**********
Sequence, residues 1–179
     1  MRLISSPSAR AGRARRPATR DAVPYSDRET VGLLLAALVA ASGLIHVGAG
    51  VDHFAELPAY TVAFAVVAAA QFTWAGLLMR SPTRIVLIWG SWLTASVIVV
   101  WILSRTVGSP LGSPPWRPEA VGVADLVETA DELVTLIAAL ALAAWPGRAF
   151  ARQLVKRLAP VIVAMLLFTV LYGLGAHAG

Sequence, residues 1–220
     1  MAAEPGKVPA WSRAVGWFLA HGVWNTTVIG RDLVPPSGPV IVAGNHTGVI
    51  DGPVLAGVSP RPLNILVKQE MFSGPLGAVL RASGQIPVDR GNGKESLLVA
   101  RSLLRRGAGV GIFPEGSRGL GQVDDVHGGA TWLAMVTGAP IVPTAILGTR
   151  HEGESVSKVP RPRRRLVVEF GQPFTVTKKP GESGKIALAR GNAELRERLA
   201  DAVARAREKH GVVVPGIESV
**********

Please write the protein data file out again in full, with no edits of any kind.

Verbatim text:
Sequence, residues 1–179
     1  MRLISSPSAR AGRARRPATR DAVPYSDRET VGLLLAALVA ASGLIHVGAG
    51  VDHFAELPAY TVAFAVVAAA QFTWAGLLMR SPTRIVLIWG SWLTASVIVV
   101  WILSRTVGSP LGSPPWRPEA VGVADLVETA DELVTLIAAL ALAAWPGRAF
   151  ARQLVKRLAP VIVAMLLFTV LYGLGAHAG

Sequence, residues 1–220
     1  MAAEPGKVPA WSRAVGWFLA HGVWNTTVIG RDLVPPSGPV IVAGNHTGVI
    51  DGPVLAGVSP RPLNILVKQE MFSGPLGAVL RASGQIPVDR GNGKESLLVA
   101  RSLLRRGAGV GIFPEGSRGL GQVDDVHGGA TWLAMVTGAP IVPTAILGTR
   151  HEGESVSKVP RPRRRLVVEF GQPFTVTKKP GESGKIALAR GNAELRERLA
   201  DAVARAREKH GVVVPGIESV